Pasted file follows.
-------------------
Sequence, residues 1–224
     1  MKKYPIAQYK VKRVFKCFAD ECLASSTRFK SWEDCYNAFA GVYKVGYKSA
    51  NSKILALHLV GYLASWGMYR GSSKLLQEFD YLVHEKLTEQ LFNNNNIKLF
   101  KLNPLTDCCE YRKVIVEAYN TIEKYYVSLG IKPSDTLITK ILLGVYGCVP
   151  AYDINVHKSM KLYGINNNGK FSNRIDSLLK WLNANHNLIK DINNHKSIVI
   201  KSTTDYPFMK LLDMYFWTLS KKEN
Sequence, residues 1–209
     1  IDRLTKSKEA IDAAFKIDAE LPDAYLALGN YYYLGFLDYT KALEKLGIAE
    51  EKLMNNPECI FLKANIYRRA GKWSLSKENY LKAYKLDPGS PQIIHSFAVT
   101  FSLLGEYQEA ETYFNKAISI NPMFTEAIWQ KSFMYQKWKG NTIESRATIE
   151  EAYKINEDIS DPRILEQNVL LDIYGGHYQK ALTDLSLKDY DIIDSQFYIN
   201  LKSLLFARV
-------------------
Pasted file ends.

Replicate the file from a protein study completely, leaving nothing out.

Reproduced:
Sequence, residues 1–224
     1  MKKYPIAQYK VKRVFKCFAD ECLASSTRFK SWEDCYNAFA GVYKVGYKSA
    51  NSKILALHLV GYLASWGMYR GSSKLLQEFD YLVHEKLTEQ LFNNNNIKLF
   101  KLNPLTDCCE YRKVIVEAYN TIEKYYVSLG IKPSDTLITK ILLGVYGCVP
   151  AYDINVHKSM KLYGINNNGK FSNRIDSLLK WLNANHNLIK DINNHKSIVI
   201  KSTTDYPFMK LLDMYFWTLS KKEN
Sequence, residues 1–209
     1  IDRLTKSKEA IDAAFKIDAE LPDAYLALGN YYYLGFLDYT KALEKLGIAE
    51  EKLMNNPECI FLKANIYRRA GKWSLSKENY LKAYKLDPGS PQIIHSFAVT
   101  FSLLGEYQEA ETYFNKAISI NPMFTEAIWQ KSFMYQKWKG NTIESRATIE
   151  EAYKINEDIS DPRILEQNVL LDIYGGHYQK ALTDLSLKDY DIIDSQFYIN
   201  LKSLLFARV